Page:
Six Tips for Developing Mobile Applications

Apps-using-network-dataDuring our work on the ‘Magical Shrinking Machine’ here at Onavo, we have come across hundreds of thousands of different iOS and Android apps and services. After studying these apps, we have identified a relatively small set of design patterns (or “network usage models“) on the apps’ side that drive their usage of network resources. The more popular models seem to be those that are easier to implement and more design-intuitive, but unfortunately these easy-to-implement models don’t always coincide with being data-friendly, and at times can turn apps into genuine data hogs.

To help developers avoid these pitfalls, we have compiled a list of design and implementation guidelines for responsible network behavior for mobile apps and services. These tips are OS-independent, and apply for iOS and Android apps alike. Here they are, ordered by ease of implementation:

1. Data-friendly state-of-mind – Respecting the user’s data connection is the cornerstone of building data-friendly apps. Too few app developers realize that a device’s data connection is a very limited resource and should be treated as such. This means that being data-responsible should be a key factor when designing your service or implementing your app. 

2. Use built-in compression protocols – If your app is using the network, chances are that you’re using HTTP or a proprietary HTTP-based protocol. If so, make sure that your app and server are set up to take advantage of the built-in HTTP gzip compression layer.

3. Design for a mobile UI – As you introduce server-side content to your service, make sure it’s designed to fit into your app and does not exceed its UI limitations. For example, if your app pulls images from the network to display as pretty icons, there’s no sense in downloading the full-sized image and resizing it on the device – have your servers provide them in the required size. Almost all news apps fail to do this, pulling large images over mobile networks, only to resize them into a thumbnail for display.

4. Implement different behaviours for different networks – Have your app detect the current network type (mobile data or Wi-Fi) and use the network accordingly – On Wi-Fi networks you can typically be more worry-free regarding network usage, while mobile data usage is almost always capped and paid for. The Google Maps app does this, prefetching map tiles on Wi-Fi only (unless the user specifically enabled mobile data prefetching).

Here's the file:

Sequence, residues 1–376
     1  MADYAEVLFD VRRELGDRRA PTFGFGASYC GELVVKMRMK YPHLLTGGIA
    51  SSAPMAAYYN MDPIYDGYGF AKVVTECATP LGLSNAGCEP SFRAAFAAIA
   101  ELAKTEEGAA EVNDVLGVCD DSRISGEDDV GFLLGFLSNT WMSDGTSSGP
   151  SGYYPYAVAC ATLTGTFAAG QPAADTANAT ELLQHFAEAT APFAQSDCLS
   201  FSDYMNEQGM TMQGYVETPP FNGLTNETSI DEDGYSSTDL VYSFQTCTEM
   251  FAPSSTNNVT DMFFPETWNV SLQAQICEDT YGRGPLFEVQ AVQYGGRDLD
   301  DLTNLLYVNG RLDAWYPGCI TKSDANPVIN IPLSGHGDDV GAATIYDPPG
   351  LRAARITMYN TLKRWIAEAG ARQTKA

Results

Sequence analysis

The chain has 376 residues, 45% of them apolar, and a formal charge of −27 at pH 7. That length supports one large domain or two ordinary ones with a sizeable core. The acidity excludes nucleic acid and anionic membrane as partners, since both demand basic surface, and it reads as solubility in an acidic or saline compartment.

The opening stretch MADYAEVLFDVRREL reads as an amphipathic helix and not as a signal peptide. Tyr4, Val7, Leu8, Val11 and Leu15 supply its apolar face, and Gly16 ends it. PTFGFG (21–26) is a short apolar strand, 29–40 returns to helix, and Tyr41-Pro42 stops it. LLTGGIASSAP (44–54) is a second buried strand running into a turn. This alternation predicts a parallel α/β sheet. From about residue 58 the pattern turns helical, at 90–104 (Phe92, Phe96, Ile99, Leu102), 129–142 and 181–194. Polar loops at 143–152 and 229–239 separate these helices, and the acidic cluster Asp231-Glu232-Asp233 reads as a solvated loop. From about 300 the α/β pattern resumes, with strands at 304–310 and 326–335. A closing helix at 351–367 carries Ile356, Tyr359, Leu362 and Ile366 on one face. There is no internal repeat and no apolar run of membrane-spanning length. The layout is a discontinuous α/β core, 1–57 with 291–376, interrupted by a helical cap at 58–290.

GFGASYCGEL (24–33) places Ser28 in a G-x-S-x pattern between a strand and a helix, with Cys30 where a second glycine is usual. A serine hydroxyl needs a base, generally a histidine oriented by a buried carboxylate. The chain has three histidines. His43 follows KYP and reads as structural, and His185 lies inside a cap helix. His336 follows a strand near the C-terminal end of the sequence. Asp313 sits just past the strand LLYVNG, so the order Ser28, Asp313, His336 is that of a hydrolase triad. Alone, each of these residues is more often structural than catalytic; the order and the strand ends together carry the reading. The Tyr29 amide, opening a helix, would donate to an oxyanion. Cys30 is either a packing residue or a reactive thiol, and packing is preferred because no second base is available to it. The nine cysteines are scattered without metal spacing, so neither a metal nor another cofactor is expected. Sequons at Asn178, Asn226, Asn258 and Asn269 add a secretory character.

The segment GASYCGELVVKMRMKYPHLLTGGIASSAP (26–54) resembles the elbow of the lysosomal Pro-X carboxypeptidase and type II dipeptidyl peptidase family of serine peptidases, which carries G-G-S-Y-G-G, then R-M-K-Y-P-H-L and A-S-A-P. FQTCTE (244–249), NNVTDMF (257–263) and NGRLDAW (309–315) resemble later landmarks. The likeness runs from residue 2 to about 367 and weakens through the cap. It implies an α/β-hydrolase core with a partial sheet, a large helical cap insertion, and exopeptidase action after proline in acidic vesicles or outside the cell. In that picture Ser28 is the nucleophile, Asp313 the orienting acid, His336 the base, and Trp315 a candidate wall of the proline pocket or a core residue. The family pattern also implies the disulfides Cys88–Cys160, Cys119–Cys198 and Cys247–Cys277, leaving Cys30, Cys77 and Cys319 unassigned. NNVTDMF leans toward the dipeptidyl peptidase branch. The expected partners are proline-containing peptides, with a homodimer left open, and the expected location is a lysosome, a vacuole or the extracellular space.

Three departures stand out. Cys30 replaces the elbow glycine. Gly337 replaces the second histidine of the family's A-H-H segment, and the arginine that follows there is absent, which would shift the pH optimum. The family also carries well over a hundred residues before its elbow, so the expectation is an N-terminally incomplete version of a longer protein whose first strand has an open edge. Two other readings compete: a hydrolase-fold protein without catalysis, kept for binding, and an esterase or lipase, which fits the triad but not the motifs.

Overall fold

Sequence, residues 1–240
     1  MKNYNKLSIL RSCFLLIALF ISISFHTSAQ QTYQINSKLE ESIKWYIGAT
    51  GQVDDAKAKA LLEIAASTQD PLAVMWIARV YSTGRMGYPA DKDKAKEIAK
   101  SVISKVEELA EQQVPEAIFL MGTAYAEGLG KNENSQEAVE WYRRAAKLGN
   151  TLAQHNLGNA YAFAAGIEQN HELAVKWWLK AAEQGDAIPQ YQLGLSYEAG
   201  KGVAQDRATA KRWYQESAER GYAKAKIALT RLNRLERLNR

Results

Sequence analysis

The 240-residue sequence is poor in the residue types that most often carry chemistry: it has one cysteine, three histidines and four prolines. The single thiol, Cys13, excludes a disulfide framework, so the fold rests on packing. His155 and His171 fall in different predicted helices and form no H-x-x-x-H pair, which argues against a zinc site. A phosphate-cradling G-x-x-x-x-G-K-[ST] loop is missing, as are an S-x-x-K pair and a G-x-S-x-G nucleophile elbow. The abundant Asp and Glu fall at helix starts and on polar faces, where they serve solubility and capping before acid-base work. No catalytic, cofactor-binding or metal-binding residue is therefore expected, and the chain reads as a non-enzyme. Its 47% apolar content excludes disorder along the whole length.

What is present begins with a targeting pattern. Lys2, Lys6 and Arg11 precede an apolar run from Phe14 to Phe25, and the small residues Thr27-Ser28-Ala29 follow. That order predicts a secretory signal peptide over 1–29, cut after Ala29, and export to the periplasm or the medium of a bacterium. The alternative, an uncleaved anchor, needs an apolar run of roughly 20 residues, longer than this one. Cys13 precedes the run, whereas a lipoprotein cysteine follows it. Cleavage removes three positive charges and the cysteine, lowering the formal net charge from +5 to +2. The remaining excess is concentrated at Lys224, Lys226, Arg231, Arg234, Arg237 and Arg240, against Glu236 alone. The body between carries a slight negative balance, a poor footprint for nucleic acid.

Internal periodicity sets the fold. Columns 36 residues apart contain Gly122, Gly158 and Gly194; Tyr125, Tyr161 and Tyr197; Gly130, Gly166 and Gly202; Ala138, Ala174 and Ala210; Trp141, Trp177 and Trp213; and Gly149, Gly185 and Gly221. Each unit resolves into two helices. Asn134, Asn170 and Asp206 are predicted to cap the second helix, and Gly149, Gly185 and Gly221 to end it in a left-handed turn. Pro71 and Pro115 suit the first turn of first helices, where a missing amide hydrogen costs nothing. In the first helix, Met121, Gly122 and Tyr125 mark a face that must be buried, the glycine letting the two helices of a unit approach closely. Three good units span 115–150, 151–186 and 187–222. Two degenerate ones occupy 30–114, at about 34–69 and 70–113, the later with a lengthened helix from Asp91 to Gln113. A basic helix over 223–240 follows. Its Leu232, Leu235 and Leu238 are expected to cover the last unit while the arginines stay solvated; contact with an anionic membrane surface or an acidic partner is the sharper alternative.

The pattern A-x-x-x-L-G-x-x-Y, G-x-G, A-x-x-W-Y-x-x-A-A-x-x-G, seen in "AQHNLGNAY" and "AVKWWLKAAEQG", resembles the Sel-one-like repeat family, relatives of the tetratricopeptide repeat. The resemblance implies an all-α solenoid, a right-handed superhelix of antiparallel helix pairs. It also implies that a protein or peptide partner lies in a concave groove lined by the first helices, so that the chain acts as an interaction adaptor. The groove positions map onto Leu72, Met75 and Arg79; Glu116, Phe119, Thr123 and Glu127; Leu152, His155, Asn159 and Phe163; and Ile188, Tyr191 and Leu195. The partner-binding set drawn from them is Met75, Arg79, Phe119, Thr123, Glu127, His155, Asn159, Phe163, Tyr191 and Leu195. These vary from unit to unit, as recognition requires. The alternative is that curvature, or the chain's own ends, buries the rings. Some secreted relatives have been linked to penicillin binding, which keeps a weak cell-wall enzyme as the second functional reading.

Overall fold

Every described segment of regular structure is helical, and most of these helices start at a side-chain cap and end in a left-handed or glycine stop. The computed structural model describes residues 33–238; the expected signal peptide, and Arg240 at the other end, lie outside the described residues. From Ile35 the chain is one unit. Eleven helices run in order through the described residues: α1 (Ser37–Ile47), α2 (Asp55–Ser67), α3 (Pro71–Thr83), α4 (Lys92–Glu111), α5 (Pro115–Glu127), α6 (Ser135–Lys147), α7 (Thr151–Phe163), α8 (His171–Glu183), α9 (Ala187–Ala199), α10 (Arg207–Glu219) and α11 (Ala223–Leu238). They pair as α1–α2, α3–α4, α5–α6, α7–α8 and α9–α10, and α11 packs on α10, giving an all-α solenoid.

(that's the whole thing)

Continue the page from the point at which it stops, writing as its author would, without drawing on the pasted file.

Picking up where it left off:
5. Defer some network operations to Wi-Fi – Many mobile services and apps need to perform non-time-critical network operations such as relaying analytics information or checking and performing possible updates. These operations can be delayed for hours or sometimes even days. Have your app delay these operations for when the device is connected to a Wi-Fi network.

6. Make your app roaming-ready – Take extra care to detect whether or not a device is roaming. Roaming data usage charges tend to be rediculously high, and your app should avoid using data when roaming unless absolutely necessary. Detecting whether or not a device is currently roaming can be tricky on iOS. We have several solutions for that here at Onavo and will share them with you in the future. Our own app does this in order to avoid unnecessary charges.

Following the tips above will make your app not only data-friendly, but it’s also important to note that data-friendliness usually brings about several other benefits:

Much of an app’s battery usage is incurred by its network usage. This means that making your app more data-friendly will reduce its battery usage, making your app more battery-friendly.

Making your app use less data will make your app’s user experience smoother, reducing load time and improving overall responsiveness.

In future posts, we’ll zoom into the tips above and demonstrate some lower-level best practices to help developers improve their apps and make them more data-responsible. Have a question on how to implement one of our tips? Want to share your own best practice? Comment below and we’ll respond.